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How to Grill Potatoes

Tired of scraping burned yet undercooked potatoes off your grill? Learn how to grill potatoes the right way and you will never have that problem again! Here are our four tips for grilling potatoes that will make you the star of your next cookout.

ChefStepsPotatoesRibEye2.jpg (skyword:263296)
Golden-brown potatoes make a satisfying side for a grilled steak.

Did you wrap potatoes in aluminum foil and throw them on the fire during a childhood camping trip? Then wait in agony as they cooked? And cooked. And cooked. Were they worth it? Who knows? By the time they were ready, you were too hungry to notice how they tasted.


If you've ever tried to reproduce that smoky campfire flavor by throwing some potatoes on your backyard grill, you've probably had a similar experience -- or, worse, ended up with lumps of coal that were somehow still raw in the middle. But perfect grilled potatoes with soft, buttery insides and crispy, smoky skins aren't just a hungry camper's fantasy. Here's how to grill potatoes the right way.


1. Parcook the Potatoes

If you just throw raw potatoes on the grill, the outsides will turn dry and chalky long before the flesh starts to soften. The solution: Cook your potatoes in advance. Cut your spuds into half-inch planks or rounds, and poach or boil them -- or even cook them sous vide. That way, they'll get nice and creamy inside before you even fire up the grill. Bonus: Cooking in advance makes it a cinch to finish those taters later. Just parboil at home, then head to the beach and crisp them up in minutes on your portable grill.


2. Add a Little Sugar

Doesn't cooking potatoes in water leach out all the flavor? Yes -- if you use water alone. That's why we suggest making a brine instead. Take some water and add 3 percent of its weight in salt, or about as much as you would use if you were boiling pasta. Then add about 1 percent of the water's weight in sugar. Yes, sugar! Don't look so sour; you're not candying those potatoes. Instead, the sugar will keep them from losing their natural sweetness to the cooking water. For extra-flavorful potatoes, finish off your brine with fresh herbs such as rosemary or thyme.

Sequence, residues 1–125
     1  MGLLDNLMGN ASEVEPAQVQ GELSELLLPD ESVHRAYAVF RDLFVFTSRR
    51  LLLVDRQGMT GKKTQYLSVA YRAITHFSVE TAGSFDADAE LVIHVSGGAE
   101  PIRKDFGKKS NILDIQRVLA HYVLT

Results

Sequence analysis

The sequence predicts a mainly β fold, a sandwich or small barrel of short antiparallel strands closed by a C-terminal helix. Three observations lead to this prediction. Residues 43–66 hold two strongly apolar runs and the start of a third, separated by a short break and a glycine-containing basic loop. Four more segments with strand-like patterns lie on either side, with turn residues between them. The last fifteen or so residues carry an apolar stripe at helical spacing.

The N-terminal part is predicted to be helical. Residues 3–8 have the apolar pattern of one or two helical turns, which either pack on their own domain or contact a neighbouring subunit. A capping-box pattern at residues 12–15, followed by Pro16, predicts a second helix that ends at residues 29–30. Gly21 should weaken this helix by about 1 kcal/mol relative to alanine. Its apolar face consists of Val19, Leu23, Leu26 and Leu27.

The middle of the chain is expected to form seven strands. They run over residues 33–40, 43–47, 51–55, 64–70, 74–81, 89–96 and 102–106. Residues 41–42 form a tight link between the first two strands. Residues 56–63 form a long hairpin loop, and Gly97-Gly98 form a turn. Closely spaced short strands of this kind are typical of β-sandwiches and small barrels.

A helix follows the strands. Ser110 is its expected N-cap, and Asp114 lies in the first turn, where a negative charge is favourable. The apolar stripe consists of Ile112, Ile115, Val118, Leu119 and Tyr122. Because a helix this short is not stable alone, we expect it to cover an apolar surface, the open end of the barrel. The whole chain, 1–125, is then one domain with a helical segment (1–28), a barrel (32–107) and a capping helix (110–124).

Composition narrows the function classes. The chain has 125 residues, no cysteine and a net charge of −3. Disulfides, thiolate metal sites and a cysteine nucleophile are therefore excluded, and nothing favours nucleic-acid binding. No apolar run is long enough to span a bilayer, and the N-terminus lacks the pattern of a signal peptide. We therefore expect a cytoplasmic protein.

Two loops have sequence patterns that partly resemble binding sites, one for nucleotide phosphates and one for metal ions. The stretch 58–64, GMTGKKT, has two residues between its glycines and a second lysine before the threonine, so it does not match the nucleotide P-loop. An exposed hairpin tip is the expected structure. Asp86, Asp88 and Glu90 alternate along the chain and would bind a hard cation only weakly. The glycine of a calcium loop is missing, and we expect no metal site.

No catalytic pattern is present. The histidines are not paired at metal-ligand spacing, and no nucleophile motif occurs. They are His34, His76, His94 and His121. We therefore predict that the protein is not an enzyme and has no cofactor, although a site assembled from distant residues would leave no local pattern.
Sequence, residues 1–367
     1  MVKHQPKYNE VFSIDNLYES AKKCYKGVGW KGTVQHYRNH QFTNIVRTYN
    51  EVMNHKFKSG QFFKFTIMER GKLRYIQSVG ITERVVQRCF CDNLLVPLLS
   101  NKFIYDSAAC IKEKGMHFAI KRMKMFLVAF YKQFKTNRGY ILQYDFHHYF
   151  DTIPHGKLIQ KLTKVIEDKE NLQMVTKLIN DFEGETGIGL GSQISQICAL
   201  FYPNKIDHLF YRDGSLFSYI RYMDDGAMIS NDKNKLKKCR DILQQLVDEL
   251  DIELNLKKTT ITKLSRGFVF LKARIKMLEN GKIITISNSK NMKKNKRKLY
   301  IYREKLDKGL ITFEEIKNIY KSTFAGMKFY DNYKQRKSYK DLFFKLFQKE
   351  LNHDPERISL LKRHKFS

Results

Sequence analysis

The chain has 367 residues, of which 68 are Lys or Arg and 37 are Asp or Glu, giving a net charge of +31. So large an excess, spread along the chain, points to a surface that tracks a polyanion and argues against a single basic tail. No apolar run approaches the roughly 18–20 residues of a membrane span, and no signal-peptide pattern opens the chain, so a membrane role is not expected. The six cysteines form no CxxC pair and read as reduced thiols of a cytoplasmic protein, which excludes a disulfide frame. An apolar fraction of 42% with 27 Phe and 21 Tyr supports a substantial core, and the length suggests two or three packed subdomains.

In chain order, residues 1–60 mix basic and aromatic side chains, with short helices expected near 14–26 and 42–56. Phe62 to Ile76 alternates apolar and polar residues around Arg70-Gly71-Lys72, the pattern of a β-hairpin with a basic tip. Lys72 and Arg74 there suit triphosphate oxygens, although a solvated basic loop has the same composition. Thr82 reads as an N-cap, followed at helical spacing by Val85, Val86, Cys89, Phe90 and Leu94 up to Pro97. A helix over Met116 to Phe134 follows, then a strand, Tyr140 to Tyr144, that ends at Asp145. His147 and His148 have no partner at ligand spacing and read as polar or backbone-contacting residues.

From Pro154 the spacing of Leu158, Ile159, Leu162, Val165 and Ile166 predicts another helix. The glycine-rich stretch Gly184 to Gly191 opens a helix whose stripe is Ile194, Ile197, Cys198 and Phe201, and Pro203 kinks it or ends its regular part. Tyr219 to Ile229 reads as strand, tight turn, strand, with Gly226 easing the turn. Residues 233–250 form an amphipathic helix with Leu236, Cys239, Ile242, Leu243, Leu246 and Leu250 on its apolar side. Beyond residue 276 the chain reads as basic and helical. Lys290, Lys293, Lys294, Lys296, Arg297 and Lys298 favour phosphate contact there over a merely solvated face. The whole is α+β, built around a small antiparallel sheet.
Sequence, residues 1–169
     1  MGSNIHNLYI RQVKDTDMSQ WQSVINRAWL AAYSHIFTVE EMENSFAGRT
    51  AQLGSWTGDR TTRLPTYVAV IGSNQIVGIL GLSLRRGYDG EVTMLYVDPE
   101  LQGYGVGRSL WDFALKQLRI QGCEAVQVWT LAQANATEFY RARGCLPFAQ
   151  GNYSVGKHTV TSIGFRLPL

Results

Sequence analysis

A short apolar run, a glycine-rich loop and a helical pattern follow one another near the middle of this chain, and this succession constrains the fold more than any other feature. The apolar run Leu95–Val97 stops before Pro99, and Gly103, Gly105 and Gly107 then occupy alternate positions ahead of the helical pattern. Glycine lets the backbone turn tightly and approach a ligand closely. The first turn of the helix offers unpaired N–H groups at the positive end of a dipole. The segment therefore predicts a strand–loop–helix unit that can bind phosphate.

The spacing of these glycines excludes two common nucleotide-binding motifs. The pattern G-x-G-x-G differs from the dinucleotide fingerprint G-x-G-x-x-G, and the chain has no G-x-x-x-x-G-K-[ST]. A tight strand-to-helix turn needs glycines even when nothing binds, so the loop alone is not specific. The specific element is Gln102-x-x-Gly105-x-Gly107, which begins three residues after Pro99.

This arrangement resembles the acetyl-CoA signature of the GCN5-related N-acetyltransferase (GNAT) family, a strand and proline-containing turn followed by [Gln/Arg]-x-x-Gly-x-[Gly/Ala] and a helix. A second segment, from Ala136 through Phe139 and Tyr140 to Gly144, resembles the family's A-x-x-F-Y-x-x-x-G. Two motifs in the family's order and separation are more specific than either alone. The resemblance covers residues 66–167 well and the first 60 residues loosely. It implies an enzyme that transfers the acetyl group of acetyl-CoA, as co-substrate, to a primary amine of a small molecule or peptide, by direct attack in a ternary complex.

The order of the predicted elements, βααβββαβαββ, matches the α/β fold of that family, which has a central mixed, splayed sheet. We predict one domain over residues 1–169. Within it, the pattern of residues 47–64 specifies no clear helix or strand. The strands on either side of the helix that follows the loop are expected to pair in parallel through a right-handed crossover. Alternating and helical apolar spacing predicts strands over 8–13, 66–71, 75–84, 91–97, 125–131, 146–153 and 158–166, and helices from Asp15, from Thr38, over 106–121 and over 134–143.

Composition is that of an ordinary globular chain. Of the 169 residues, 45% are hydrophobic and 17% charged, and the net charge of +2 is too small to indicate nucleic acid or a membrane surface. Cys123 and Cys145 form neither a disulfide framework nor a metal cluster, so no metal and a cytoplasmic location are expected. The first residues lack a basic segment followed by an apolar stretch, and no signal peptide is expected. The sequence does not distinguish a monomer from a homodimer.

3. They Will Be Great Without the Grate

Even perfectly precooked potatoes aren't immune to mishaps once you put them on the grill. Out-of-control flare-ups can scorch your spuds. A stray swipe with the tongs can send them tumbling through the grate to a fiery end. To solve both these problems, first arrange your potato pieces on a cast iron skillet, then place that on the grill. Cover the grill to let the smoke circulate, and cook the potatoes until crispy and caramelized. They'll have all the smoky flavor of potatoes grilled directly on the grate.


4. Serve With a Cool, Creamy Sauce

Nothing complements a hot, charred potato better than a rich, cold sauce. For a killer appetizer at a Mediterranean-style alfresco dinner, pair your potatoes with a bright, garlicky aioli. If you're using the spuds as a side for a crusty rib eye, drizzle a verdant herb oil over the whole plate. At your annual Memorial Day barbecue, delight the kids' table -- and the young at heart -- by doling out grilled "fries" with individual dipping bowls of homemade ranch. Whether you're throwing a party for the whole neighborhood or just serving a family dinner, your perfect grilled potatoes will leave you with a backyard full of happy campers, no campfire required.

For more grilling geekery, check out our tips on how to select wood for your grill and how to toast buns on a barbecue.